The present invention provides a system and method for imaging of multiple tissue parameters using a wound dressing. The invention provided here allows the selective, local release of therapeutics (as described previously and further detailed below) to any part of the tissue or wound covered by the dressing, as well as the subsequent monitoring of physiological parameters to assess therapeutic response.
The feasibility of imaging tissue parameters (namely pO2 and pH) using a conventional digital camera, has been demonstrated. The device displayed a wavelength dependent readout, with the data being stored in 3-color (red/green/blue) RGB channels. Referring to
Turning now to
Having selected a sensor, in step 124, the designer determines whether or not a therapeutic portion is desired. If a therapeutic portion is to be included, a therapy of interest is identified in step 125. The identified therapy may include the release of pain medication such as an NSAID. Based on the therapy identified in step 125, the therapeutic(s), such as one or more NSAIDs is selected in step 126.
The selection of a therapeutic portion can be done to ensure the compatibility of the sensor with the matrix, such as will be described below. That is, selection of a therapeutic portion may be done with consideration to the compatibility of the sensor and, as will be described, the matrix, such that selection of the therapeutic portion is based on a chemical property of one or both of the sensor and the matrix.
For example, one embodiment involves combining a singlet-oxygen degradable polymer, which can be the basic component of the therapeutic release matrix, with an oxygen-independent, free-base porphyrin core that could generate enough singlet oxygen to trigger the matrix degradation. A metallated, dendritic analogue of that porphyrin serves as the oxygen-reporting molecule, and is embedded in the sensing matrix selected at step 123. Having inherently different properties, these two molecules can be actuated using light of different wavelengths; thus allowing on-demand control of oxygen sensing separate from therapeutic release. Moreover, dendritic encapsulation can efficiently minimize the amount of singlet oxygen that can reach the therapeutic matrix following light-activation of the oxygen-reporting molecule, thus maximizing selectivity in the use of the free-base porphyrin (or any photosensitizer) for light-activated therapeutic release.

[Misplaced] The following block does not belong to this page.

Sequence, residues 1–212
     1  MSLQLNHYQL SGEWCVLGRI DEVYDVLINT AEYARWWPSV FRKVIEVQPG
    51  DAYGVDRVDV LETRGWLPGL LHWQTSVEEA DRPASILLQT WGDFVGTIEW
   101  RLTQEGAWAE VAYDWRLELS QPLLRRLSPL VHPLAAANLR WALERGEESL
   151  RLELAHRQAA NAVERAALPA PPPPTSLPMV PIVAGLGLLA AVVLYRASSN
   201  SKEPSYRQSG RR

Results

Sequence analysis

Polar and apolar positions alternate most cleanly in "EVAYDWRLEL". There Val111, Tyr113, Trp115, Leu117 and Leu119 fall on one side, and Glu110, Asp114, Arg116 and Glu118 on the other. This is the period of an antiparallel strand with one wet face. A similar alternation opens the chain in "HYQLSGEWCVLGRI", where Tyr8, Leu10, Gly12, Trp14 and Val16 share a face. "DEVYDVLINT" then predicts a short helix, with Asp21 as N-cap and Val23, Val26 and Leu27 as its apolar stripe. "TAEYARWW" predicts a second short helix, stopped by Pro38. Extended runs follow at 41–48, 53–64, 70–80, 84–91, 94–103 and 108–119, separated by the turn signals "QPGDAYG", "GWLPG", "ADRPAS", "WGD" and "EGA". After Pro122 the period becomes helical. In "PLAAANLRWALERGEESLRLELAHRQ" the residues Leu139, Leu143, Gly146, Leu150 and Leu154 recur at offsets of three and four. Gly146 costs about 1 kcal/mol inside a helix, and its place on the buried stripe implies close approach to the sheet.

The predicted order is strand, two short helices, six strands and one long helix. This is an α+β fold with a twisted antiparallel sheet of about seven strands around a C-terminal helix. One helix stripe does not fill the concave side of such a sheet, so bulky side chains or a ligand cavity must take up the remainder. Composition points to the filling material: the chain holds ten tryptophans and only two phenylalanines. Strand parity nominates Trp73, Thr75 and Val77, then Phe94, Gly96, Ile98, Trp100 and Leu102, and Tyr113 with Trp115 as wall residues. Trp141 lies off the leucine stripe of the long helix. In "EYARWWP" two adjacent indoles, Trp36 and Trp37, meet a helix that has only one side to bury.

In step 127, given the selected components, a suitable matrix material is selected. As described previously, individual matrix materials can be selected for each of the sensing and therapeutic portions or a single matrix may be selected to support both of the sensing and therapeutic portions.
In one embodiment, the sensor may be enmeshed in the matrix material. Mixing of the sensing matrix components with the sensor may involve the use an additional, silyl-based component (Triisopropylsilyl chloride or TIPS-Cl) that is similar in structure with those found in the mixture that forms the matrix (Polydimethylsiloxane or PDMS). For a given formulation technique to improve the compatibility of the sensor with the matrix material, the oxygen-reporting molecule of the sensor may be enmeshed within the matrix. Specifically, to achieve a desired enmeshing, a matrix base may be selected based on a chemical nature of the sensor, such that the matrix base is ensured to be desirably compatible with the sensor and ensures “curing.”
The compatibility between the sensor and its matrix is highly dependent on the structural similarity between the two components. For example, the compatibility may be dependent upon hydrophobicity, polarity of surface functional groups, polarity of the entire molecule, type and number of charges, molecular weight, stability, reactivity, and other factors.